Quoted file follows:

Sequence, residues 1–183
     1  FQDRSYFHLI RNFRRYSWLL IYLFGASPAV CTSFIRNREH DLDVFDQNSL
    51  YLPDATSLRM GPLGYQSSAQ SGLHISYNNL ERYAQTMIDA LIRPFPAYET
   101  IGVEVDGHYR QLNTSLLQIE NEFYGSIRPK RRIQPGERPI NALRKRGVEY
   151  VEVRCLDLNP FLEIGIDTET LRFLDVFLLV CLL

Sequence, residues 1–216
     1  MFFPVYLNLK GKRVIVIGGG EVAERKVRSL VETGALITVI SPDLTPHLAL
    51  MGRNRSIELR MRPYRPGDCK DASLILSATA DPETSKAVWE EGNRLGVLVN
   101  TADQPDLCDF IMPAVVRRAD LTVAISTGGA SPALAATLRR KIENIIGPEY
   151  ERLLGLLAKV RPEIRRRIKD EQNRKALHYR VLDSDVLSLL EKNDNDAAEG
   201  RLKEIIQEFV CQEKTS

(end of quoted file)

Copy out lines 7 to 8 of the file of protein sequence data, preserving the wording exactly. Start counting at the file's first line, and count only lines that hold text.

     1  MFFPVYLNLK GKRVIVIGGG EVAERKVRSL VETGALITVI SPDLTPHLAL
    51  MGRNRSIELR MRPYRPGDCK DASLILSATA DPETSKAVWE EGNRLGVLVN